in these last years of the second millennium, science is under attack on many fronts. Religious conservatives accuse scientists of blind faith in the dogma of Darwinism; New Age thinkers charge that the naturalistic materialism of science is a superstition that must be abandoned if we are to make progress; feminists question the phallocentric nature of the entire Western intellectual tradition, including science; nonwhites question the Eurocentric nature of science; and postmodernists would reject everything about it, if only the concept of rejection were not itself infected with Western intellectual bias. Even many ordinary people have a modicum of contempt for science, blaming it for the production of a great deal of the mess in which we find ourselves. The more conservative critics regard science the way the twenty- fourth century Federation regards the Klingon Empire--as an ally with whom you have an uneasy truce, but whose attempts at expansion require vigilance. The more radical regard science as they would the Borg--any involvement with it will end with your assimilation.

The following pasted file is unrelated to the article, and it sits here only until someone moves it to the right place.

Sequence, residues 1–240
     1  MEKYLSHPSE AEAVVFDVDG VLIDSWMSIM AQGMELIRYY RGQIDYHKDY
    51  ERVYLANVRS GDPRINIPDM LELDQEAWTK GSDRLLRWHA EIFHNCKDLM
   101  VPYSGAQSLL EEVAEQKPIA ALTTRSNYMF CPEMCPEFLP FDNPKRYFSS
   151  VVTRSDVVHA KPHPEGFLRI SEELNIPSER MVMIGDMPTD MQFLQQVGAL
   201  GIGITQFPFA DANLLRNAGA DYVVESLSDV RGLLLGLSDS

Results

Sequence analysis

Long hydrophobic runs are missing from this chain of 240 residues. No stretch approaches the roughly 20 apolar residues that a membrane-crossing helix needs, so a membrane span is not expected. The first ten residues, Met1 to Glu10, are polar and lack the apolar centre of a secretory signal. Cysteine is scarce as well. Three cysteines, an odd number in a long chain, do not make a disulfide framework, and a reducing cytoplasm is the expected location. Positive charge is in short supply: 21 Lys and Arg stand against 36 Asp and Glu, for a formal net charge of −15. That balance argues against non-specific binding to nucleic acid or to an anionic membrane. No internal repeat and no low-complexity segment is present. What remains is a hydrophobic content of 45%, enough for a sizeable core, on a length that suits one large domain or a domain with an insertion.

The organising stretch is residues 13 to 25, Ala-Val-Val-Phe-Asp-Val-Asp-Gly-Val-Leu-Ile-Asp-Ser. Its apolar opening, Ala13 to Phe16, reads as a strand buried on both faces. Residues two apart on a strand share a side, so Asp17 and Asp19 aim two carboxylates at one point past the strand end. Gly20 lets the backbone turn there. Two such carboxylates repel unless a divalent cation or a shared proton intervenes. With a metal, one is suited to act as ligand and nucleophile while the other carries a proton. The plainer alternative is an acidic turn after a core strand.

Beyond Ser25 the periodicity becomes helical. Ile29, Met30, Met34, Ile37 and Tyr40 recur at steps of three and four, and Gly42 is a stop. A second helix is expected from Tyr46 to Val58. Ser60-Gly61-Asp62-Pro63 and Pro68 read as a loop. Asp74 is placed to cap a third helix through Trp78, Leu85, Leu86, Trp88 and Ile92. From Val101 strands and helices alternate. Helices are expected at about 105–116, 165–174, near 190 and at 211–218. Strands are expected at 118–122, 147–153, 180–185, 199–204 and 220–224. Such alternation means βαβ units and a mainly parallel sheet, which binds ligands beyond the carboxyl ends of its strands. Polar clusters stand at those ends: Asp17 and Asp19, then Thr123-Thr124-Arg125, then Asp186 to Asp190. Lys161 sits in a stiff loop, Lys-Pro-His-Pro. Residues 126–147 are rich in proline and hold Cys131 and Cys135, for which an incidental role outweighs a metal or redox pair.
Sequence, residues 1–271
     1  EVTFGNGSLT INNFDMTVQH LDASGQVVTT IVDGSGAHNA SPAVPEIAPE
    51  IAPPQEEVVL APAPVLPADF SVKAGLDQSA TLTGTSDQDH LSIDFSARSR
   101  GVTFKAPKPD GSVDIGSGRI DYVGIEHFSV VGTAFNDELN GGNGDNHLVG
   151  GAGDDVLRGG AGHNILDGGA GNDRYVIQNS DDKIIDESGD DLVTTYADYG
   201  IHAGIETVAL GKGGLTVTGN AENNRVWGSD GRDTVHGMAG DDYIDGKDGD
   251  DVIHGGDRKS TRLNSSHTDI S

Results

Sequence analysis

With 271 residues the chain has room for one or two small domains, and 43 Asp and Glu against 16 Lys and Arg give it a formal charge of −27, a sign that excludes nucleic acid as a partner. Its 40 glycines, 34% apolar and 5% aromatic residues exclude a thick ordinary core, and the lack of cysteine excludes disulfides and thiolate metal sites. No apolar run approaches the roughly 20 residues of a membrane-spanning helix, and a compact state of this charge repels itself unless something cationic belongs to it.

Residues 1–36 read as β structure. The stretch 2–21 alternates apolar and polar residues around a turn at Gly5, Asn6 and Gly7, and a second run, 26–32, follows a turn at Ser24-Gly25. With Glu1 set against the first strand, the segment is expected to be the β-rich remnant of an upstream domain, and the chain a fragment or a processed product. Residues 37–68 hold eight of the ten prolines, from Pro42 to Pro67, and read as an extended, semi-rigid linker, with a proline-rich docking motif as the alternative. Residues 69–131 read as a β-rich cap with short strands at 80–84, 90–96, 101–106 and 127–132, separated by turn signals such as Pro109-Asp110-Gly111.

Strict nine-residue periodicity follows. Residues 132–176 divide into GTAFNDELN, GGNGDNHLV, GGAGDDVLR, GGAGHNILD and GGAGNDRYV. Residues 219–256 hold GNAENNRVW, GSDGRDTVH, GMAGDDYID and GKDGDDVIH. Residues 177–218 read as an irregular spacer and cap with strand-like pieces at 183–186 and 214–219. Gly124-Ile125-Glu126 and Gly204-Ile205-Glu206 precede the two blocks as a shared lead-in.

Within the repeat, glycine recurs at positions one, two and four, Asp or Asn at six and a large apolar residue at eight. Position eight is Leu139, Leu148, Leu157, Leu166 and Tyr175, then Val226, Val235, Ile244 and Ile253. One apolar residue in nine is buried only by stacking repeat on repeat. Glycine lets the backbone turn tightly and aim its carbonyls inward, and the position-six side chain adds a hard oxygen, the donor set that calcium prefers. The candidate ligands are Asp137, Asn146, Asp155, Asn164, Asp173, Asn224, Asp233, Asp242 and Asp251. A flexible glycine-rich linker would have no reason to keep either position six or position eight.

Insofar as there is a coherent antiscience thesis that these groups have in common, it is in two parts. First, all parties are of the view that science necessarily is limited in scope. Second, there is a deep suspicion that somehow science has everyone